How to write SMART goals
The second best practice is to define goals using a specific methodology known as “SMART” goals. SMART is an acronym that stands for:
Target a specific area for improvement.
Quantify or at least suggest an indicator of progress.
The goal is within your reach to accomplish.
Assure that the results can realistically be achieved and that they matter.
Specify when the result(s) can be achieved.
This is a common model and a proven tactic. To the degree you can do this, you will be successful. Doing big things is hard. It’s one thing to know what you want or need to do, it’s quite another to actually get it done. This is particularly true for Big Goals and during times of stress. The value of SMART goals is that they focus your attention and efforts on realizing specific results that you visualize and accomplish.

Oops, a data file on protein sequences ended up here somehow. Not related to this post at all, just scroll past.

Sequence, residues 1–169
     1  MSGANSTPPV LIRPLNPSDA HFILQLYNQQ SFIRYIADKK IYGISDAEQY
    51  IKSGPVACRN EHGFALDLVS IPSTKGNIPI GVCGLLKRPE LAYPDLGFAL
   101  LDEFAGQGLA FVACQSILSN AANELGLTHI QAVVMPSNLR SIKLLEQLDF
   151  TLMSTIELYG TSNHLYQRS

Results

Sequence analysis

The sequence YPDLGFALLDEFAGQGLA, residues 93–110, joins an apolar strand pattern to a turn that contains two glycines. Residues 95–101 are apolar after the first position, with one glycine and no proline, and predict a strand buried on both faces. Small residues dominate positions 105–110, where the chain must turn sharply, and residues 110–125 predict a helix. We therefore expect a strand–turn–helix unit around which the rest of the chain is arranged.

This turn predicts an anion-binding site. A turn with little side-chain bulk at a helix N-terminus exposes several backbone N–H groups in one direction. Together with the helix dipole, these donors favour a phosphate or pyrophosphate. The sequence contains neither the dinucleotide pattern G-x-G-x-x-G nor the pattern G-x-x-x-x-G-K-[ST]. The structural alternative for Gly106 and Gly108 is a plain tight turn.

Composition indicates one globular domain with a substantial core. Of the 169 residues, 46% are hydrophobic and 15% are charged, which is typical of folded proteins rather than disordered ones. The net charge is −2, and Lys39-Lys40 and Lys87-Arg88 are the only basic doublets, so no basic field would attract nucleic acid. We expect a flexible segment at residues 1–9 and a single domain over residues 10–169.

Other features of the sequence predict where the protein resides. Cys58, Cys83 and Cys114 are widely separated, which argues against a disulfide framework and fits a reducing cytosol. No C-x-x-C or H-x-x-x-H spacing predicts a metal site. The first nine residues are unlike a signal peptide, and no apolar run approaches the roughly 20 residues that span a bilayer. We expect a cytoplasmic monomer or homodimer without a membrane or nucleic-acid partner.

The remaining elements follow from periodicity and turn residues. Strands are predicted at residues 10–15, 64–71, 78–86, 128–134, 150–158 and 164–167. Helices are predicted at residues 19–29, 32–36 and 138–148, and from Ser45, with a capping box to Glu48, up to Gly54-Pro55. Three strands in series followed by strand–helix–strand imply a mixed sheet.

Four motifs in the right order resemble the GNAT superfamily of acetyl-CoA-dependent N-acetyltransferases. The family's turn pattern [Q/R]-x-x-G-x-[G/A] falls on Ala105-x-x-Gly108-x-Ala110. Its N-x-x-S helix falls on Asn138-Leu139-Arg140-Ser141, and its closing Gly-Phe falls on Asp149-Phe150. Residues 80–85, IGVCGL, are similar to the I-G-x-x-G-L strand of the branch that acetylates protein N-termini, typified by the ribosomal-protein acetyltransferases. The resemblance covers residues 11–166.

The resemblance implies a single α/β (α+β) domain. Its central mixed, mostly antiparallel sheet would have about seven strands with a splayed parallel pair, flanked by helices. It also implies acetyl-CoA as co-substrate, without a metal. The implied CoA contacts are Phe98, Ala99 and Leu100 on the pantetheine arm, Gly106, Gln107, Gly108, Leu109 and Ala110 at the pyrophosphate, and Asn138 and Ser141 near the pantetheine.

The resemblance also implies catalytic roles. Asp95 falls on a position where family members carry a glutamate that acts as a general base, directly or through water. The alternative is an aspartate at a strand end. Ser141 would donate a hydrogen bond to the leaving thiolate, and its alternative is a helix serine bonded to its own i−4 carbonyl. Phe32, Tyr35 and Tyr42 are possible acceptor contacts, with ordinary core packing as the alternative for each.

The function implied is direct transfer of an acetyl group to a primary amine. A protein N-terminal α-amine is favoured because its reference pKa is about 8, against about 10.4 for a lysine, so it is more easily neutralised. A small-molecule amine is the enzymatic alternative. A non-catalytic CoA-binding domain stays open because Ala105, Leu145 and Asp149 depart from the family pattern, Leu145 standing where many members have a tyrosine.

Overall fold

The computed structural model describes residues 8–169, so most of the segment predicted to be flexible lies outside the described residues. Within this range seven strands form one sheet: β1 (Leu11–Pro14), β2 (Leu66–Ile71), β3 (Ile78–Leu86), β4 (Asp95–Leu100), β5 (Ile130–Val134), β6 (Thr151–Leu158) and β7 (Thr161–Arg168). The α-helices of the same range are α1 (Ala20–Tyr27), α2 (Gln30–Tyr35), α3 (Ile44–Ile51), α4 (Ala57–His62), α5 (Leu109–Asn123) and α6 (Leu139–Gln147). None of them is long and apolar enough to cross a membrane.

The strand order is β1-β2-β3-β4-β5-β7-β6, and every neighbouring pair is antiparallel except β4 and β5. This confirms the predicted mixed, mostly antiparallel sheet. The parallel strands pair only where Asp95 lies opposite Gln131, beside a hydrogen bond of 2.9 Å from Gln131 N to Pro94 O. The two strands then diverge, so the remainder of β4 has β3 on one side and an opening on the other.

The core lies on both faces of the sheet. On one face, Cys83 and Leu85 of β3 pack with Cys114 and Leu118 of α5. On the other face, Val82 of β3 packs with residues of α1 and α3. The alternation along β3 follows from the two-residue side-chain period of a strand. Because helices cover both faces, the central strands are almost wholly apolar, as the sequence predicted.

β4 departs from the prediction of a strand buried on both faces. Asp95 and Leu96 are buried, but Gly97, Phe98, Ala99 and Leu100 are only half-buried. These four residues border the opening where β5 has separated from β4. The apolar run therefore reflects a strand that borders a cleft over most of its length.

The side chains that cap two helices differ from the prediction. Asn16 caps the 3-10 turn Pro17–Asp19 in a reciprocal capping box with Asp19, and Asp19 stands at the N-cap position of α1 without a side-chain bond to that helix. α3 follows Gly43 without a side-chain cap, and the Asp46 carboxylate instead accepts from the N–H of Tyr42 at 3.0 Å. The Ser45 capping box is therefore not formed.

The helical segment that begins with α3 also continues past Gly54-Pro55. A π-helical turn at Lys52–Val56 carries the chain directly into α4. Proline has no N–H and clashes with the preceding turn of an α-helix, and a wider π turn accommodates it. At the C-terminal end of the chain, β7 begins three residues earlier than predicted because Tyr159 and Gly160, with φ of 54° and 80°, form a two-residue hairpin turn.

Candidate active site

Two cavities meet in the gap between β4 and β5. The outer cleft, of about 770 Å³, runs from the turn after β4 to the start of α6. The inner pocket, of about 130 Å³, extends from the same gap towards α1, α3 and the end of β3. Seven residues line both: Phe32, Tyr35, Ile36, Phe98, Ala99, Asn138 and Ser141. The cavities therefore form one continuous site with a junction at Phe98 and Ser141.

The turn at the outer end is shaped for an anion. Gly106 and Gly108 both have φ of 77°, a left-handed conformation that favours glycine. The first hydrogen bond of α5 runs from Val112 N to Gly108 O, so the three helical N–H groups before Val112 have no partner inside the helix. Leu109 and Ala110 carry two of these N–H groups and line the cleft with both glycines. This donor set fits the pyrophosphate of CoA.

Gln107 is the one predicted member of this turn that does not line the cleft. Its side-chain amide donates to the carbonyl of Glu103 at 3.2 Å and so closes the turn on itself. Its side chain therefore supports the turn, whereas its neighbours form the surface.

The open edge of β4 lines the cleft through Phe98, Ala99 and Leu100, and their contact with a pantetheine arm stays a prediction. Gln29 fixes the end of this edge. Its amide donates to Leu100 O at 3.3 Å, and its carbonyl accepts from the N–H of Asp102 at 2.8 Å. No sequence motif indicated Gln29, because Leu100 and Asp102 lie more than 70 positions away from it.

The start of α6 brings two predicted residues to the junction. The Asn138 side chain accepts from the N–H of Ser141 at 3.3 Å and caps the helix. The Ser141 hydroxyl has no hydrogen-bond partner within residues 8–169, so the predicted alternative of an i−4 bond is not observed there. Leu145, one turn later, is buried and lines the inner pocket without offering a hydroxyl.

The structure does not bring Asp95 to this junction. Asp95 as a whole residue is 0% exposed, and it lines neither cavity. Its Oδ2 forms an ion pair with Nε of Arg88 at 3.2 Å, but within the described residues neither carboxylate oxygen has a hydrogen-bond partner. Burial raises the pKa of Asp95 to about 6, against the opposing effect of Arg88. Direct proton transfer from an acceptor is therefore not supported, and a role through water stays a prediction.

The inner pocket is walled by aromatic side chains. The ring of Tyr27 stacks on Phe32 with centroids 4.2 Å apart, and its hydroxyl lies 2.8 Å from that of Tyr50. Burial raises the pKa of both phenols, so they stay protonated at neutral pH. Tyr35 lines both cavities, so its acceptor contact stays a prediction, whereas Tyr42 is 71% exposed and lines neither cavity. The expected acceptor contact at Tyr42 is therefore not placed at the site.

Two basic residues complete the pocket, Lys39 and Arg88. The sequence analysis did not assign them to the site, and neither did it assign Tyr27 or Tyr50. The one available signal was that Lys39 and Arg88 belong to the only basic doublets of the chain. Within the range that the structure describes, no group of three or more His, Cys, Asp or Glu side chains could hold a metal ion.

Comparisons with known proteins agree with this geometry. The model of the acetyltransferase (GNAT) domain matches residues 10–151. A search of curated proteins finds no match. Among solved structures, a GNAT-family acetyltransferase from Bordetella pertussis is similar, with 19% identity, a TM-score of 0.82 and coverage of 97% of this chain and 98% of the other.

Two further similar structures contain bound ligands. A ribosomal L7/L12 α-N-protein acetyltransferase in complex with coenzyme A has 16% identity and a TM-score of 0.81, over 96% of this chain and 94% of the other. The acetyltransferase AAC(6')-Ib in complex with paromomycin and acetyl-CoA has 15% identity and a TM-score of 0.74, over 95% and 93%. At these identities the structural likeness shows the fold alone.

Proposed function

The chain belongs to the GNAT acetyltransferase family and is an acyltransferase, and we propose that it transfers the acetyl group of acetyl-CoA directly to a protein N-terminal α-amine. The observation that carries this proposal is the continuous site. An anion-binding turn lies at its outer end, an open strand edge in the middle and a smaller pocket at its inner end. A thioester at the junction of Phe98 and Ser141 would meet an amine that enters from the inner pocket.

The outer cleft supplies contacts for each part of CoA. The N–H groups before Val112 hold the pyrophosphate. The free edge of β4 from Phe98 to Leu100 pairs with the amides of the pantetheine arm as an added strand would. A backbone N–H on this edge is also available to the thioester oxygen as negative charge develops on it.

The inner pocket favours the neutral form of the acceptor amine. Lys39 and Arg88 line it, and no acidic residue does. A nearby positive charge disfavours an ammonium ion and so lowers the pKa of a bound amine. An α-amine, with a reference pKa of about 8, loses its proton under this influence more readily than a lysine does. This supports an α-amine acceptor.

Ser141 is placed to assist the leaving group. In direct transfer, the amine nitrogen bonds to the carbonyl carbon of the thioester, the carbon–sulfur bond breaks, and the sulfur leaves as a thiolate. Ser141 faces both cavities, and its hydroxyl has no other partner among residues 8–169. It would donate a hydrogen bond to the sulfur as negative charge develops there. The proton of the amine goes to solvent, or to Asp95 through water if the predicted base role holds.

First, start with your general goal. For example: Find a new job.
- By taking a general goal and making SMART goals, you can break down the tasks you will need to accomplish to achieve that goal. You might end up making a few SMART goals to achieve a general goal.
What will you have to do to find a new job?
- Take a look at your current assets and determine a job that is a good fit you at this point in your career.
Goal: Complete and write out a self-assessment that matches my strengths and interests to three potential job titles by this Friday.
- Create or your job hunting materials like a resume and an email template/cover letter.
Goal: Update my resume and cover letter by Tuesday, ask for feedback from friends and finalize by Thursday.
By making these actionable and specific, you can then prioritize them and start achieving your larger goals.
Examples of SMART goals
– Exercise for 45 minutes per day three days per week.